Some transactions were made from the sewer fund to cover Sterlington payroll costs, usually in amounts of some $1,000 to some $4,800 or to higher amounts of some $5,588 on Dec. 28, 2016 as well as on 27 days in 2017 (Jan. 13, Jan. 30, Feb. 13, Feb. 14, Feb. 27, March 13, March 27, April 10, April 24, May 8, May 22, June 5, June 19, June 30, July 31, Aug. 14, Aug. 28, Sept. 11, Sept. 25, Oct. 6, Oct. 20, Nov. 6, Nov. 16, Nov. 20, Dec. 4, Dec. 14, Dec. 18).

A payment of $32,763.48 also was made from the sewer fund to cover Sterlington payroll costs on Oct. 20, beyond the bi-weekly payroll transfers.

Several of the transfers from the sewer fund to cover Sterlington’s payroll were made after Oct. 2, 2017 when the audit report identified that use of bond proceeds as illegal.

The sewer fund also was tapped for “cash/petty cash” including a $20.44 transaction on Jan. 11, 2017, a transaction for $8.85 in “cash/petty cash” for office supplies on March 1, 2017,

Sewer system funds also were used to cover the cost of office supplies, tools and equipment from Ace Hardware, cell phone expenses and payments to Ray’s Automotive Supply.

The sewer fund also was used to transfer thousands of dollars in bond proceeds to other trust funds, especially at the end of the month or beginning of the month when bills came due. For example, Sterlington made a transfer of $16,140 on March 1, 2017 to fund for the 2015 wastewater and sewer treatment utility revenue bonds serviced by Cross Keys Bank.

Another transfer of $14,120.57 was made from the sewer fund to a fund for the 2014 wastewater and utility revenue bonds serviced by Cross Keys Bank and Marion State Bank. On March 30, two transfers of $5,420 were made to the 2014 wastewater fund with payment memos detailed as “Nov 2016” and “Dec 2016.”

Three transfers of $3,350 were made from the sewer fund to a fund for state Department of Environmental Quality (DEQ) 2011 sewer revenue bonds on March 30. The DEQ bonds were issued in May 2011 for sewer system improvements and expansion. The payment memos for the three transactions were detailed as “Oct 2016,” “Nov 2016,” and “Dec 2016.”

A payment of $17,000 was made from the sewer fund to a fund for the 2013 series revenue refunding bonds on May 8, with a payment memo detailed as “Nov & Dec 2016...” Sterlington made another transfer of $22,600 on May 25 to the same 2013 revenue refunding bond fund. The net proceeds

Several more transfers of thousands to tens of thousands of dollars were made from the sewer fund to several other funds on May 31, 2017 and on Aug. 31, 2017 and on Sept. 14, 2017.

In some cases, Sterlington appears to have transferred money from some of these other funds back into the Sterlington Consolidated Sewer System fund. On May 23, 2017, Sterlington transferred $23,000 to the sewer fund as “due from Town” and transferred $25,500 to the sewer fund on May 26 from the DEQ 2011 revenue refunding bonds fund.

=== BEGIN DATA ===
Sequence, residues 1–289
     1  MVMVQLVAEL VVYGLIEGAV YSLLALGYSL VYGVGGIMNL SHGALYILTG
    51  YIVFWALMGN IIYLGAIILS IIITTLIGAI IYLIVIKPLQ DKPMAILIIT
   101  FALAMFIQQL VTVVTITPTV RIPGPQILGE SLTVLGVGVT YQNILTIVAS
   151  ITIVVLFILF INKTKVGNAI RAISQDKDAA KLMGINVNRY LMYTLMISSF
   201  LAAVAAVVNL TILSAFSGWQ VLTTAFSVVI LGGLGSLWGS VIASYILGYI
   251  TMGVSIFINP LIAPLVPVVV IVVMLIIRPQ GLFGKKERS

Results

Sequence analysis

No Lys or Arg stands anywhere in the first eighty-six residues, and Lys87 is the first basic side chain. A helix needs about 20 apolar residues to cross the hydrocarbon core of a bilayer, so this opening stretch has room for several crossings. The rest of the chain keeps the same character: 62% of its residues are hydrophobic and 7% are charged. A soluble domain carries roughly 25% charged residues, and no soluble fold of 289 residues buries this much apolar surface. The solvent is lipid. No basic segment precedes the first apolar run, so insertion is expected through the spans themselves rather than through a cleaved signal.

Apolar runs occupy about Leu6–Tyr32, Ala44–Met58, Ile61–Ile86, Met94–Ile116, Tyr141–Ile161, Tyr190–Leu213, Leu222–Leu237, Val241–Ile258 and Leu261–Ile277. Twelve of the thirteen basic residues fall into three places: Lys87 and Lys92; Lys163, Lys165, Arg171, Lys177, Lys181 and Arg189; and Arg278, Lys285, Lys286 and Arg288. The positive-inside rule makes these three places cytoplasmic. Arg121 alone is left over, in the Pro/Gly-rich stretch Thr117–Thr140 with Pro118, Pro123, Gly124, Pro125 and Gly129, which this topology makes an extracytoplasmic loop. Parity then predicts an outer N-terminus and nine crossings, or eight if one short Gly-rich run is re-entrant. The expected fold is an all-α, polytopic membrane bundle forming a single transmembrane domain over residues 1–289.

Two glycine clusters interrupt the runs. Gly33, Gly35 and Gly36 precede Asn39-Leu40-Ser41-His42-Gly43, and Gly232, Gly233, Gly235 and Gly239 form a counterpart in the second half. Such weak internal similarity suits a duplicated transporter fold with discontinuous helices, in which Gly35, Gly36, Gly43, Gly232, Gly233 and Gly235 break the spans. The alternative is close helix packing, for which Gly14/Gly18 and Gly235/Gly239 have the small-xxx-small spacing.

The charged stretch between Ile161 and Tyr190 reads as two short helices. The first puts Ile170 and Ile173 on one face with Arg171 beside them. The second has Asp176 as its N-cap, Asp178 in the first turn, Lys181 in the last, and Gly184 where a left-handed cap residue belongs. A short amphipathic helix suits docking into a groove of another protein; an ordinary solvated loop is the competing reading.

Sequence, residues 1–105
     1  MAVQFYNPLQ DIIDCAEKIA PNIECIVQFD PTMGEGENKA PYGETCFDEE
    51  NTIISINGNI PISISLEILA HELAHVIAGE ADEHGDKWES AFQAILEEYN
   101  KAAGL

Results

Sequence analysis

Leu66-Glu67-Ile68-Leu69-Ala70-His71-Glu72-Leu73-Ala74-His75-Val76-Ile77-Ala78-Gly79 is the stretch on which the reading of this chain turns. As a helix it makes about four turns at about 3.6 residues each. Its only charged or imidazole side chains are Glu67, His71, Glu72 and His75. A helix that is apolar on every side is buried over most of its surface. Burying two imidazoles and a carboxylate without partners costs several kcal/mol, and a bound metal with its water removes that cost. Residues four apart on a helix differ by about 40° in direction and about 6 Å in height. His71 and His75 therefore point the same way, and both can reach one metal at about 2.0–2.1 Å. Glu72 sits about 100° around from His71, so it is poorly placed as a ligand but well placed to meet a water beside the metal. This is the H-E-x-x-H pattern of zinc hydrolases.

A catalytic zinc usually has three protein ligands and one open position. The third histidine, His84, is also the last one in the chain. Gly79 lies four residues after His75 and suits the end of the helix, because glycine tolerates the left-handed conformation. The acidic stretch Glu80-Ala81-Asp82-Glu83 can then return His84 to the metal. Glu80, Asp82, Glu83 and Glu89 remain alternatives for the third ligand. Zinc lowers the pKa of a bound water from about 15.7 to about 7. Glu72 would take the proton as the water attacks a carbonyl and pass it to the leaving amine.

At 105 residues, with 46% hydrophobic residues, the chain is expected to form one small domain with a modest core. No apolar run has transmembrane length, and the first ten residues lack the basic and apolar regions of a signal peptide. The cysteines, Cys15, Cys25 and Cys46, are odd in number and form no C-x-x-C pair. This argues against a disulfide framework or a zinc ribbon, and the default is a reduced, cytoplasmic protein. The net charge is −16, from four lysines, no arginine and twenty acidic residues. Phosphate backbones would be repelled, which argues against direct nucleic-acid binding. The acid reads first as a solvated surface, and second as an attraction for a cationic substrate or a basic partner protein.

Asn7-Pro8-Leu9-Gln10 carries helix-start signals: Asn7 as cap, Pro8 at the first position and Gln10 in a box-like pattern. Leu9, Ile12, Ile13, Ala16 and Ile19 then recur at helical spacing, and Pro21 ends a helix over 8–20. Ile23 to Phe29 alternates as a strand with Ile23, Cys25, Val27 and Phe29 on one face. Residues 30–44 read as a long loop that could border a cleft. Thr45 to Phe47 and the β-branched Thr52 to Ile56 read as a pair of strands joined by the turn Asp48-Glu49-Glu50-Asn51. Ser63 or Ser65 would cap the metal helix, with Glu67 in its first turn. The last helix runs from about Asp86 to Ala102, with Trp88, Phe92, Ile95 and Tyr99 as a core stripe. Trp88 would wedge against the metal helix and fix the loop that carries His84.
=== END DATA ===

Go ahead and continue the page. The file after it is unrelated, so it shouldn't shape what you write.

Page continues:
Utility revenue

bond proceeds

cover lawsuit expenses

Many of the payments from the 2017 Utility Revenue Bonds fund were made to attorneys for lawsuit expenses, according to the fund transaction log obtained by The Ouachita Citizen.

At its inception, the 2017 Utility Revenue Bonds Project fund appears to have begun with a $500,000-transfer on April 26, 2017. On July 26, 2017, a $1.25 million deposit was made to the fund along with another $500,000 deposit. On Nov. 30, 2017, a deposit of $1.75 million was made to the utility revenue bonds fund.

Based on a review of the two-page fund transaction log, it is not clear from where each of those deposits were made, though Sterlington incurred a total of some $4 million through its Utility Revenue Bonds, Series 2017. The money in the 2017 Utility Revenue Bonds Project fund was to be used “for the purpose of constructing and acquiring utility improvements, extensions and replacements to the sewer system.”

The fund transaction logs recorded a payment of $40,000 to Breithaupt, Dunn, DuBos, Shafto & Wolleson, a Monroe law firm which served as Sterlington’s bond counsel, in April 2017 for attorney fees.

Meanwhile, The Boles Law Firm was paid $34,000 in closing fees on May 1, 2017.

Sterlington tapped the fund to pay for at least some $203,000 in legal fees connected to its two expropriation lawsuits against Greater Ouachita Water Co.

Erwin, the Shreveport attorney, was paid $184,167.15 in legal fees on in separate payments in June 2017, August 2017, November 2017 and December 2017.

Racer, Sterlington’s former legal counsel, was paid on many of the same dates as Erwin. Racer was paid $31,860.25 in legal fees. Duke Copeland Reporters, a Monroe court reporting firm, also was paid legal fees from the fund, totaling some $2,700.

Other payments included on the 2017 Utility Revenue Bonds fund sheet included a payment of more than $40,000 to ATMOS Energy to install gas main lines.